It would all begin innocuously with a form.
Amma would announce, ‘here is the list this year of the crackers and their prices.’ Lesson in economics. One wanted to buy it all in huge quantities, but there was a budget. There were five of us minimum and everyone wanted something different. The boys were predictable – More Atom Bombs. More Hydrogen Bombs. More packets of bijlis. I liked the kambi mathapu and flowerpots but went through a long macho phase where I threw my lot in with the nutcases. A whole evening would go in choosing and the form would carefully be filled out. ‘No more changes now.’
Next would come shopping. Everyone needed clothes. 2 sets for the kids – one for the morning and one for the evening. A weekend or two would go in that. In the next stage the kitchen would smell acrid and oily with all the bakshanam being made. Stealing hot muthusarai and trying to limit the quantity of Injimarandu (a particularly pungent concoction involving several spices and lots of ginger) were the duties one took upon oneself. The evening before we would all be laid out in a row at my aunt’s. Fruitless attempts to get us to go to bed early (well… nine was late then :D) but everyone would take their turn at arranging things and delaying oblivion. The clothes needed to be stacked in front of the gods and kumkum applied to them. The crackers needed to be divided and the piles set up so we could each feel rich. Finally the lights would be turned off and there would be shifting and squirming and excited whispers of ‘you just see. I will be the first out the door and I’ll burst a hydrogen bomb and wake everyone up.’ I fought too, to be the first but it was a lost cause.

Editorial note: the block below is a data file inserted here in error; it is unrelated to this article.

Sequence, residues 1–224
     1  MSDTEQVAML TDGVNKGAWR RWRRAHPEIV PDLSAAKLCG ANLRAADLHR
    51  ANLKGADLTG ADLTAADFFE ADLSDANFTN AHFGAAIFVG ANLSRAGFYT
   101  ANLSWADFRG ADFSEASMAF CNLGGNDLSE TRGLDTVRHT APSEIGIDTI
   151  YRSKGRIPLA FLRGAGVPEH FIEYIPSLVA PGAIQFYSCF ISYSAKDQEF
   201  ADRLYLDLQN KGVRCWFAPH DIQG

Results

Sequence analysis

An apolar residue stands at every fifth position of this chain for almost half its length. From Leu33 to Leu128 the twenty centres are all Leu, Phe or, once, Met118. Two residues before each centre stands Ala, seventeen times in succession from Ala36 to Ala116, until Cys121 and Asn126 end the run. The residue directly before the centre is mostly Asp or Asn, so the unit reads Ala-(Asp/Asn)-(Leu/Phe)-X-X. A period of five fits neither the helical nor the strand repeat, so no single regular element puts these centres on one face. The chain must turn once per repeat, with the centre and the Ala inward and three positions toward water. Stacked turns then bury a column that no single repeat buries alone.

3 AM. The alarm would ring and even the adults could not grumble because they would be mediating the fights.
Oil Bath Time. ‘But why can’t I go first? They always get to go first.’
Your hair is longer. It will take a long time. They will be done in ten minutes.
So? That’s not fair. Its not my fault I have long hair.
Tchah. So will you cut it? Before the argument could escalate much more Cdru, Tik or the Tyke would be on the palahai grinning while I sulked. Cru (who was 5 years older and hence more used to losing than I was quicker to stop sulking as well.) By the time we were done with the oil massage and the namaskarams and the new clothes and (worst of all!) the enji marandu dose, the 3 boys would have gotten through a box or two of bombs and run off with friends.
Once a little older, more resigned to fate and happier to admit hatred of the blasted bombs, I got the lamp duty. Carefully, the mud and brass lamps would be carefully filled with oil, the wicks put in, the lamps carried out, arranged evenly-spaced along the wall and lit.
But lighting lamps in the morning was not much fun. Dawn would lighten the sky and make a mockery of our puny attempts all too soon.